Friday, June 4, 2010


There is a folder on the ino's computer labeled 'irregular ceremonies', and I have made two additions to it in the past week. Last Friday we had a Lay Entrustment ceremony for Bernd, who is heading back to Germany next week to renew his visa; this morning we had a combination of ceremonies that is unlikely to be repeated in many years: an Abbot Seating ceremony for Steve Stucky as the new Zen Center Central Abbot, followed by our monthly Suzuki Roshi memorial ceremony.
Most ceremonies come around at least once a year, so that people are more or less familiar with them. If you stay around Zen Center long enough, you will develop a sense of how a student entering ceremony goes, or a shuso ceremony, and have some idea what you have to do. The Lay Entrustment is a mixture of a jukai and a shuso ceremony. Michael Wenger adapted this one from ceremonies performed at Green Gulch, with the precept-taking part performed privately in the afternoon, and the dharma enquiry part held publicly in the evening. He and I talked it over a few times before Friday, and I had a pretty clear sense of what was going to happen, though we didn't delve into minutiae. After dinner on Friday he came to find me and said he wanted to make a change, and my heart dropped as I thought I would need to rewrite the ceremony and reprint the programs, but in fact all he wanted was for he and Bernd to be in chairs rather than sitting on platforms, which was easily done. Still, during the ceremony there were one or two unscripted things that happened, which, since I both wrote the program and explained the ceremony to the audience before it began, I felt somewhat responsible for, but it all contributed to a tender and moving evening, and since most people were in uncharted ceremonial waters, a little fluidity and improvisation was okay.
For this morning's Seating ceremony, again, we were adapting from similar ceremonies when a newly installed Abbot first arrives at Tassajara, as well as following the lead of Green Gulch, where Steve had vacated his seat as the Green Gulch Abbot. The problem was that I was waiting for input from Paul and Jordan, and they have both been traveling and then were tied up in all-day meetings, so the form was only finalised after dinner last night. Again, the ceremony was similar to a student entering ceremony, although in view of the status of the person entering, it was Jordan as tanto who led Steve around the zendo in the jundo, rather than the ino (remember you can check the glossary); my role was limited to hitting the tsui-ching and making a statement. This one went according to plan, which was nice, and most important, even after going upstairs to make our offerings to Suzuki Roshi, we were on time for soji and breakfast.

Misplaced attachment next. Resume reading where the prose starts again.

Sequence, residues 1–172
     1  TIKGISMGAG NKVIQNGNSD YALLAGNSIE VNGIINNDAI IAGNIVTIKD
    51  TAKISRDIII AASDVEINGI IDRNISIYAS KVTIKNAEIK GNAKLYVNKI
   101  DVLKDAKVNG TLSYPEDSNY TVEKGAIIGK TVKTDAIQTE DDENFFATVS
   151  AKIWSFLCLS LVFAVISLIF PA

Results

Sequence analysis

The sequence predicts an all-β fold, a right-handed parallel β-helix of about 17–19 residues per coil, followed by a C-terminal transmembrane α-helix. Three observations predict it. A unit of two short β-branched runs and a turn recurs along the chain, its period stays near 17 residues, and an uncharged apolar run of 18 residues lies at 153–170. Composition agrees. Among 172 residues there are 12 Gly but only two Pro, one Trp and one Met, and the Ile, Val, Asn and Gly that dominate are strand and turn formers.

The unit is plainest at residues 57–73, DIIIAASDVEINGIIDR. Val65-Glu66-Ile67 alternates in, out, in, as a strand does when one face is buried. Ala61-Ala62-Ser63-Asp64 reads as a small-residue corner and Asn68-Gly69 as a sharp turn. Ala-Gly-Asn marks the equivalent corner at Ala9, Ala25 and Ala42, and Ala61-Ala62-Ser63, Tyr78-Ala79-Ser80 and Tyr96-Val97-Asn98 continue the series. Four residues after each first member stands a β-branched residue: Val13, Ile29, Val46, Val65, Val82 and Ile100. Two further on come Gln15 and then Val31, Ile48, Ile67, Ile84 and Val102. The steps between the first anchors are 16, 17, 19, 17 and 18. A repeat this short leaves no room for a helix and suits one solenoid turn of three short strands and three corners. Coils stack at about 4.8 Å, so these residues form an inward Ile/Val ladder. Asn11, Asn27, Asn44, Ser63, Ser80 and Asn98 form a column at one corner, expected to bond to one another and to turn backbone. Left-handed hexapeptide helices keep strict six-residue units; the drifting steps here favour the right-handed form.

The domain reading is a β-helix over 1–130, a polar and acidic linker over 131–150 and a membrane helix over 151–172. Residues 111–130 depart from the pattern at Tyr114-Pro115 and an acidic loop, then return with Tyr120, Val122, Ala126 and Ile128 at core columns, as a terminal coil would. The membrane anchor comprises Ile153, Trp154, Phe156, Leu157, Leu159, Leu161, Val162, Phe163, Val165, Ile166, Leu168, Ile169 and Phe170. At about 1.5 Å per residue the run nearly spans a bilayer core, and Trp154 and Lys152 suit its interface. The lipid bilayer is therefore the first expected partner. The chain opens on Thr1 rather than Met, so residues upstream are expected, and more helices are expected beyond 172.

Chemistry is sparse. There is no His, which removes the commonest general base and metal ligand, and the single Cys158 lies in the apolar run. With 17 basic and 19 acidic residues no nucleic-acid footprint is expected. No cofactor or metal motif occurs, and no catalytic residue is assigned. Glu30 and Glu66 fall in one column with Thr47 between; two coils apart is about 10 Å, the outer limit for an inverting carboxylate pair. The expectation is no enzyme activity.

Chris D said...

Can you describe a bit more what the Lay Entrustment ceremony is about? A position of leadership for a layperson? Is it along the same lines of creating lay teachers who can teach but not give dharma transmission?

Shundo said...

Hi Chris,

It is pretty much as you describe: the main point is to have the teacher publicly recognise the layperson as a teacher who is authorised by them to give talks, lead groups and hold practice discussions. Michael uses a scroll as the visible symbol of this. There are statements by the teacher and the lay person, and, in a modified version of the shuso ceremony, questions from invited people and congratulations as well. Marsha has already been shuso, as have other laypeople who have done the entrustment ceremony, so this is more the equivalent of dharma transmission, without the person being a lineage holder who can ordain their own students.